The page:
Breast milk vs. formula feedings have been, are, and, I think, will continue to be one of the most vigorously debated topics in children’s health. The debates, often, are presented as though black and white. I don’t know many issues, though, with more shades of gray. Breast milk vs. formula is not just about the chemical makeup of the food. Feeding an infant is a learned skill that develops over time. It involves physical, mental, social, emotional, spiritual, and relational wellbeing. The choice a caregiver makes about feedings should not be judged nor shamed. The following article presents the research as stated by the scientist-authors. Gut News encourages its readers to be independent thinkers who interpret and use the information presented as they see fit.
New research from the University of Maryland School of Medicine’s (UMSOM) Institute for Genome Sciences (IGS), reports that breast milk-fed “preemies” are healthier, on average, than formula fed “preemies.” The researchers say that it is not just the content of breast milk that accounts for the difference in wellbeing; it is also the way the food is digested.
A team led by Bing Ma, PhD, Assistant Professor of Microbiology and Immunology at UMSOM and a researcher at IGS, discovered a strain of bacteria – Bifidobacterium breve – in the gut of breastfed babies who received higher volumes of breast milk than their cohorts. The scientists attribute the difference in wellbeing to better nutrient absorption by an intact intestinal wall present one week after birth. B. breve was less prevalent in both formula-fed babies and breastfed babies with “leaky gut.”
Babies with leaky gut do not develop an intact intestinal barrier to protect against bacteria and digested food from entering the bloodstream. For the first time, the team also found that the way B. breve contributes to the metabolism of breast milk keeps breastfed babies healthier and allows them to gain adequate weight by strengthening their underdeveloped intestinal barrier.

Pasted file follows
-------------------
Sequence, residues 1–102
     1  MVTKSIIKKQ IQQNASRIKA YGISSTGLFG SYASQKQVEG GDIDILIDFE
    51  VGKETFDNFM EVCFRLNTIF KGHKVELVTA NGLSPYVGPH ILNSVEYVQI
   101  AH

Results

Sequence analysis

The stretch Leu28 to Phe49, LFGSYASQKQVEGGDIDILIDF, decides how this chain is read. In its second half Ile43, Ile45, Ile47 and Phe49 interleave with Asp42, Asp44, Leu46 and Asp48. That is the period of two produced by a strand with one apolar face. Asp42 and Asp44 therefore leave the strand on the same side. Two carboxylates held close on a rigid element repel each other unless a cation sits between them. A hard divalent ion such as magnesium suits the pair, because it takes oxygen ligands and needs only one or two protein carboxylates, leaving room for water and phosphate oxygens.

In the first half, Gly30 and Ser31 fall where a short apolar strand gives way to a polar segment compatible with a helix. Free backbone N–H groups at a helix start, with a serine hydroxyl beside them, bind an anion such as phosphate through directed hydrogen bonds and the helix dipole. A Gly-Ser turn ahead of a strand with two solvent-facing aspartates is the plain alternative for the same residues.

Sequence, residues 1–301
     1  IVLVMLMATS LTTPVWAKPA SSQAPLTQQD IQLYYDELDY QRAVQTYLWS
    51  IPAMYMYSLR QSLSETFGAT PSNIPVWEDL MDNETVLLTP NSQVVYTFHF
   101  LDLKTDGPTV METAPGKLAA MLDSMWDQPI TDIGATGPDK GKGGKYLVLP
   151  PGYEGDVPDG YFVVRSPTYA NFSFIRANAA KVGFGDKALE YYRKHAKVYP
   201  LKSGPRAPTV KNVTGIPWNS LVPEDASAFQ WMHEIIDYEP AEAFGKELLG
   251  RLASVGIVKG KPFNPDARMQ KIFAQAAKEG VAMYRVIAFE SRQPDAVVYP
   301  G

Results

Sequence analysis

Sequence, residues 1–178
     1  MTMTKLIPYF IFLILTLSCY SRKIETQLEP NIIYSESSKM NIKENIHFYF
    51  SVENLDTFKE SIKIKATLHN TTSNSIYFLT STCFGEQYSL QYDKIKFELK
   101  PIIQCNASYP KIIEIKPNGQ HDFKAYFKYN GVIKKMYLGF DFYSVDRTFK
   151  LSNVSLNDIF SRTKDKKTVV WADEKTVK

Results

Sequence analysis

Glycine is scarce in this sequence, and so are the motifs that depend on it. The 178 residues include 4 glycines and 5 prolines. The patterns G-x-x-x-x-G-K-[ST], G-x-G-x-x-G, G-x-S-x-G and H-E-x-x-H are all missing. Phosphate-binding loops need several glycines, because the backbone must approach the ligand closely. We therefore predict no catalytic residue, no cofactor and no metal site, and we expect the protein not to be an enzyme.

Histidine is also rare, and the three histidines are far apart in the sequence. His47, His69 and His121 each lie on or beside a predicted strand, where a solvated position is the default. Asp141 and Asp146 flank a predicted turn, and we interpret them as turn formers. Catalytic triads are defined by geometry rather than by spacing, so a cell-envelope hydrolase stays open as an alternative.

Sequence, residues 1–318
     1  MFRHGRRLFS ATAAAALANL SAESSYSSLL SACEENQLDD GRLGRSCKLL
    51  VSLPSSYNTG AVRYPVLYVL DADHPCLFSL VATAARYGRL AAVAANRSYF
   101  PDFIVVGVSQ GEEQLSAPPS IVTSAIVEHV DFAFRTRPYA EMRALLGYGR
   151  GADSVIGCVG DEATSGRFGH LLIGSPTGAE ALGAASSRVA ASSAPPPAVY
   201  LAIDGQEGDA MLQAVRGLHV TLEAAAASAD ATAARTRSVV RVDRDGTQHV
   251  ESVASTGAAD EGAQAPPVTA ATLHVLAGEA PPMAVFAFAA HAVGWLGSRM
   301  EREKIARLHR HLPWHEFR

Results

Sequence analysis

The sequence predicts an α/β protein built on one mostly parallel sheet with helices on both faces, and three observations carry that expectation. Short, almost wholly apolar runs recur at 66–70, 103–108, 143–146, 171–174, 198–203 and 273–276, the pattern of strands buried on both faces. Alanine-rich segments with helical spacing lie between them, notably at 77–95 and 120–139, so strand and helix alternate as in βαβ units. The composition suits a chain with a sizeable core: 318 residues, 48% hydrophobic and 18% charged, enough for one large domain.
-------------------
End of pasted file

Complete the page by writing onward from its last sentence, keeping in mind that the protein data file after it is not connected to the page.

An immature or “leaky” gut can lead to necrotizing enterocolitis (NEC), in which the intestines become infected and start to die. It is the third leading cause of newborn death in the United States and worldwide. The disease affects up to 10 percent of premature infants, with a devastating mortality rate as high as 50 percent.
“Our discovery could lead to promising and practical clinical interventions to strengthen the babies’ gut and, therefore, increase survival rates of the most vulnerable preemies,” Dr. Ma says in a statement.
Bifidobacterium in the gut or microbiome has long been known to have health benefits. It includes a diverse set of strains that have very different properties. Some strains are only found in adults; some strains are mostly in adolescents. One strain, Bifidobacterium infantis, has been seen predominantly in full-term infants.
The researchers followed 113 premature babies who were born between 24- and 32-weeks gestation. This study found B. breve only in preemies who had improved gut barrier function within one week after birth. Dr. Ma and her colleagues discovered that B. breve is genetically equipped to digest nutrients within the cell membrane, rather than the more typical external digestion process in which bacteria secrete digestive enzymes onto nutrients to break those nutrients down.
The gut microbiome in these breastfed preemies with more B. breve metabolizes breast milk carbohydrates differently than formula carbohydrates. Researchers hypothesize that this process of breast milk metabolism strengthens and matures the intestinal barrier faster, protecting fragile newborns from disease.
“We now know that it is not the breast milk alone that helps preemies develop their intestinal barrier faster,” Dr. Ma said. “We will need to find the best way to prophylactically administer B. breve early in life, rather than rely on transmission from breast milk or even the mother’s gut or vaginal microbiota during the birthing process. This is especially critical in formula-fed preemies.”
Dr. Ma says that more studies are needed to determine if the B. breve originated in the breast milk, the infant gut, the maternal vagina, or other sources in the environment.
The research is published in the journal mBio.